In this course, we will look at the crucial role played by ideologies of race, gender, class, religion, sexuality and morality in sustaining imperialism and colonialism. How were these ideologies naturalized by colonial science? Both Western and non-Western imperialism were legitimized through cultural products which permeated the everyday lives of ordinary people. We will explore how imperialism led to the world wars and how colonized people were dragged into the wars. We will look at anti-colonial nationalist struggles that led to decolonization, as well as transnational collaborations against Western imperialism and neo-colonialism. This course will not only enable us to understand imperial motives and methods, but also how ordinary people experienced empire. Finally, this course will help us think over the relationship between imperial history and memory – why certain events/individuals are remembered and memorialized, while others are forgotten.

HIS300-01 Medieval Christianity

This topics course examines the history of Christianity in Europe and the Mediterranean world from the early Roman Empire to the late Middle Ages. Themes to be covered include the following, among others: the religious transformations under the Roman Empire and in its successor polities; the impact of the rise of Islam; women’s experiences of Christianity; relations with Jews; the expansion of papal power; the Crusades.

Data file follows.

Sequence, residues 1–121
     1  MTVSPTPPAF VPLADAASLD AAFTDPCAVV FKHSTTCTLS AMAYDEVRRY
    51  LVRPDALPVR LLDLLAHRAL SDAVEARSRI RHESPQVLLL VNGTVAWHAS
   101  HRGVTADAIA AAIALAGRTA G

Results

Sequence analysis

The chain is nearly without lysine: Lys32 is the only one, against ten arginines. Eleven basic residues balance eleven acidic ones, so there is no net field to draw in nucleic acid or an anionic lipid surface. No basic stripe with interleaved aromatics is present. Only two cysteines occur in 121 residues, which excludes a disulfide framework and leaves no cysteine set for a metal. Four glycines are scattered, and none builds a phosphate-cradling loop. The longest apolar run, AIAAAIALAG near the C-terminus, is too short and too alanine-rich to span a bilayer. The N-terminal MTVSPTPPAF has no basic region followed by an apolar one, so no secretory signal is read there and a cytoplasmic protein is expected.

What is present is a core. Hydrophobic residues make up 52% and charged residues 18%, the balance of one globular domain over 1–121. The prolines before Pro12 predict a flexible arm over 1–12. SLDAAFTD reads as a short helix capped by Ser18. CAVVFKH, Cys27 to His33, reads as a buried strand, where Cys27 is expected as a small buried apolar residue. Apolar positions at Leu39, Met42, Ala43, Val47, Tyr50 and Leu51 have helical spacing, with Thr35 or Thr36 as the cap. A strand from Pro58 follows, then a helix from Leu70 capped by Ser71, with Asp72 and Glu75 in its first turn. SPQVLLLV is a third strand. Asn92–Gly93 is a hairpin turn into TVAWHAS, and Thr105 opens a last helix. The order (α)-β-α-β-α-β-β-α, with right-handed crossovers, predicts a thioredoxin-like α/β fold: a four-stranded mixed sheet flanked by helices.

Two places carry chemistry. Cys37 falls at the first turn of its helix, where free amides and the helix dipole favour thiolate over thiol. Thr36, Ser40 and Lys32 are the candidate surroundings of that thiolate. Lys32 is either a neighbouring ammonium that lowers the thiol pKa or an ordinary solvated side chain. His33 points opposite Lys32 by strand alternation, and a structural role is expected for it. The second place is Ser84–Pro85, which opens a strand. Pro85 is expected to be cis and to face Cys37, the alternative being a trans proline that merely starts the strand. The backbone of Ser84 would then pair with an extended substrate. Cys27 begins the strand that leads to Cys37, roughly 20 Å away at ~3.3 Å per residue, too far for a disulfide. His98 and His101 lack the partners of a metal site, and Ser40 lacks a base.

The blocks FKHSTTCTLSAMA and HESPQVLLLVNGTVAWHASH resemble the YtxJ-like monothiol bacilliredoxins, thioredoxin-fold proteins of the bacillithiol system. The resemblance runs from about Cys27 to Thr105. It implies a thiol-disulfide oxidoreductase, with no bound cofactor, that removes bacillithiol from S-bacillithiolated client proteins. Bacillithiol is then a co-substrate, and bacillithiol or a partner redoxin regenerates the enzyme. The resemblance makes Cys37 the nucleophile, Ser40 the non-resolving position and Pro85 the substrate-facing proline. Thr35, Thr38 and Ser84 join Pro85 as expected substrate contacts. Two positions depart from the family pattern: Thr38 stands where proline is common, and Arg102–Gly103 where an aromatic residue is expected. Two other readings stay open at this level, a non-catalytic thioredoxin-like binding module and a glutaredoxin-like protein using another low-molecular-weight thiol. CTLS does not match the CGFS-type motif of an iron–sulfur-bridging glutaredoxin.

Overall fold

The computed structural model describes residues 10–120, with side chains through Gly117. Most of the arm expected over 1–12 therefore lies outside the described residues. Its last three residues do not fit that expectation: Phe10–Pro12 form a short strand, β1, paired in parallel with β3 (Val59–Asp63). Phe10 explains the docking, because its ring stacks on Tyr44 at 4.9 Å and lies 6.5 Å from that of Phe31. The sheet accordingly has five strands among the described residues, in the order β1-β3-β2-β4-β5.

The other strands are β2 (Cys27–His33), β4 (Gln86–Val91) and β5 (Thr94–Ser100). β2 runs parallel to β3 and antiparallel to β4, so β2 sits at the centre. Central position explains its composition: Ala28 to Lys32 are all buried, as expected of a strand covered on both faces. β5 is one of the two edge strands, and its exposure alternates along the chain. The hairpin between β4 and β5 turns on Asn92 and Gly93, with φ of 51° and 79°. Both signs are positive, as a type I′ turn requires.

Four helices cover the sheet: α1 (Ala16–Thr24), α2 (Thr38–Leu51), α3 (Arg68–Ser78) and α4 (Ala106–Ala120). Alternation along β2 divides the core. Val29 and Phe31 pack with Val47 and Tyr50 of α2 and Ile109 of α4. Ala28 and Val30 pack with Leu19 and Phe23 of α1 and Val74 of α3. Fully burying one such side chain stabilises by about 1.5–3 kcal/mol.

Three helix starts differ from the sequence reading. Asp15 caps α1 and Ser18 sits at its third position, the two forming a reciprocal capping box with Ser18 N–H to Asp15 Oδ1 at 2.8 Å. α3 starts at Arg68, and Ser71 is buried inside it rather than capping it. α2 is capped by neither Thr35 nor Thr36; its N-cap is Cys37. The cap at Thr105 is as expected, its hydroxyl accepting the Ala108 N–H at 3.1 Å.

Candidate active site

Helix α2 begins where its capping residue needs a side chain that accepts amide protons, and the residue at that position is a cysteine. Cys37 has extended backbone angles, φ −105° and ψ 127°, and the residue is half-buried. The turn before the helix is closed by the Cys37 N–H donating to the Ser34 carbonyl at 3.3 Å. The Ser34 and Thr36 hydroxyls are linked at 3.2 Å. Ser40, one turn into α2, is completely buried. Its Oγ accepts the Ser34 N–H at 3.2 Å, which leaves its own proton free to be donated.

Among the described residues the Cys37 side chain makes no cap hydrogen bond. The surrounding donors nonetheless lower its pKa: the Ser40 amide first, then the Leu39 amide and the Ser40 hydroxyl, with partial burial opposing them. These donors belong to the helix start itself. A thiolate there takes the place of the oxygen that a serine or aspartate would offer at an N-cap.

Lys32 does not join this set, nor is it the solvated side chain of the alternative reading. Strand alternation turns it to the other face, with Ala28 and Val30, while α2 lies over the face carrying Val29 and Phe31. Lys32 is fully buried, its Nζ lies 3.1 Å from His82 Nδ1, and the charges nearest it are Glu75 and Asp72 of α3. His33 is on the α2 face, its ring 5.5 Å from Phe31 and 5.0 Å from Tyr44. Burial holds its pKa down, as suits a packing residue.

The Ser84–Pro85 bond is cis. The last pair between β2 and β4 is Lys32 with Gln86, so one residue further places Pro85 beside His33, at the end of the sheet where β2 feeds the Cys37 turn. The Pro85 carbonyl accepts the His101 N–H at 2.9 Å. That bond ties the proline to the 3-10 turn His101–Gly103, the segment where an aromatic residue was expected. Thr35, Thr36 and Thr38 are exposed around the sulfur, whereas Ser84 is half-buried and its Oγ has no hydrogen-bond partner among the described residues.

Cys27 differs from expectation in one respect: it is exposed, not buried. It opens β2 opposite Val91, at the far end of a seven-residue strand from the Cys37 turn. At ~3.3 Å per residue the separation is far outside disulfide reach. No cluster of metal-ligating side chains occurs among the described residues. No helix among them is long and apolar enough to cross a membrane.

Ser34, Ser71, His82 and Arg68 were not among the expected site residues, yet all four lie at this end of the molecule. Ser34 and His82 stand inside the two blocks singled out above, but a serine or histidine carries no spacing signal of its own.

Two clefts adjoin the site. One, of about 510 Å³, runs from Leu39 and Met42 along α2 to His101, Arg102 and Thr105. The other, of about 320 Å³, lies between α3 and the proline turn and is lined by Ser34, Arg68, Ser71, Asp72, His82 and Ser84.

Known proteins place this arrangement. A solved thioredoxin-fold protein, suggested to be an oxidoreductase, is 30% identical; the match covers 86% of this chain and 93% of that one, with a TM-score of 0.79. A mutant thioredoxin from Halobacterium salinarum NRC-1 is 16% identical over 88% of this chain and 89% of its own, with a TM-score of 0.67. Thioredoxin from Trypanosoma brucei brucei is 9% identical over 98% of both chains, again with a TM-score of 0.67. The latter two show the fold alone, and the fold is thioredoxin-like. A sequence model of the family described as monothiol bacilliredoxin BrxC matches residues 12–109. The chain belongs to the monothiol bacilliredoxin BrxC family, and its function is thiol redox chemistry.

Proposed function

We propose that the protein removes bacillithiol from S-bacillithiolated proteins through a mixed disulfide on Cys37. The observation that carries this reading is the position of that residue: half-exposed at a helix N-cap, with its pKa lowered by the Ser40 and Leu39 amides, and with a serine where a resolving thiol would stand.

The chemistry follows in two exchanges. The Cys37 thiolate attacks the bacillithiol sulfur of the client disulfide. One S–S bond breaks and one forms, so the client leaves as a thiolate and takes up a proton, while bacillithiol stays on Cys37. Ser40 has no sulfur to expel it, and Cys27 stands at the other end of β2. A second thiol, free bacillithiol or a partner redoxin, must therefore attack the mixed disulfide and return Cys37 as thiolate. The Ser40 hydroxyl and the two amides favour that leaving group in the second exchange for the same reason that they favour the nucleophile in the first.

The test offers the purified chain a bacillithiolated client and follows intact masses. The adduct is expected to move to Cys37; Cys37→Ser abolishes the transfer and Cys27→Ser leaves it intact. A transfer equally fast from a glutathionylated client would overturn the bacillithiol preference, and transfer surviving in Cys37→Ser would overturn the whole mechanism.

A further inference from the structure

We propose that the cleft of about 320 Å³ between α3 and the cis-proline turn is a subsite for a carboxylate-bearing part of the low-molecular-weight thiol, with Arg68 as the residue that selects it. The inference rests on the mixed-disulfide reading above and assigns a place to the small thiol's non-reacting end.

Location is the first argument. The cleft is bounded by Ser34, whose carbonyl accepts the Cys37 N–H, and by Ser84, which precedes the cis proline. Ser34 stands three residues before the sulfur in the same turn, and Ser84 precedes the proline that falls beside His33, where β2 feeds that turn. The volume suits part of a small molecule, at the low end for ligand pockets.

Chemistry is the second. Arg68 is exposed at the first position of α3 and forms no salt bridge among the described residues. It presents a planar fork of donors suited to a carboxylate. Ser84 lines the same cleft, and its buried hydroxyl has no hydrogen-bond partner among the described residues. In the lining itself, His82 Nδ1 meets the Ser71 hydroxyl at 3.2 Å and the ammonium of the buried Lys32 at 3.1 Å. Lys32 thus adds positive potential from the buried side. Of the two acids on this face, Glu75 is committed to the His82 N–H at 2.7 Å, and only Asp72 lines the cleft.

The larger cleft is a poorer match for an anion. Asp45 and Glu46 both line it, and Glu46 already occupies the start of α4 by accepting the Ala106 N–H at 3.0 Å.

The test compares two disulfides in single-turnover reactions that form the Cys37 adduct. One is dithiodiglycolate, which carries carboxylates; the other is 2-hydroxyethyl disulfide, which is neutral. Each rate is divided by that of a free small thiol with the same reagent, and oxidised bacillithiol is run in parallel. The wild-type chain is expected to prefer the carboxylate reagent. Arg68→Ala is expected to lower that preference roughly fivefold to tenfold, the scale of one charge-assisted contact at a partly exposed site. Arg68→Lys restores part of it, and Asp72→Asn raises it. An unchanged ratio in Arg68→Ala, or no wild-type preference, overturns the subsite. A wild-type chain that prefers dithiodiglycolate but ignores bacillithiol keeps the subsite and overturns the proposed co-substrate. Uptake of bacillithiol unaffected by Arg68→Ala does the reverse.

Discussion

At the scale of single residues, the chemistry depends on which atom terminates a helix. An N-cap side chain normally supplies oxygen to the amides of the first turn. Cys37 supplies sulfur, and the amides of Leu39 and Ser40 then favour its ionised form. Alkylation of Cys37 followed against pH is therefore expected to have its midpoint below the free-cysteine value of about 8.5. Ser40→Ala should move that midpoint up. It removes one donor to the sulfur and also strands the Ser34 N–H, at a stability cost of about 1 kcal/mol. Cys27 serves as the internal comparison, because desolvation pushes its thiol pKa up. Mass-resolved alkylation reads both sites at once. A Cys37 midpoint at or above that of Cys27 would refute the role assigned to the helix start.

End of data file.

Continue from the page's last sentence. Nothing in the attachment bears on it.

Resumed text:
HIS316-01 Nazi Germany and Corporate Collaborators

This course will examine the cooperation between industry and the Nazi regime with a focus on the quest for German economic independence, the exploitation of laborers, and the significance of free slave labor for the Nazi economy. Special attention will be given to German companies such as I.G. Farben (including Bayer), Krupps, BMW, and Volkswagen and American companies, such as IBM, Ford, Coca-Cola, and Eastman Kodak.

HIS365-01 Teaching Economic History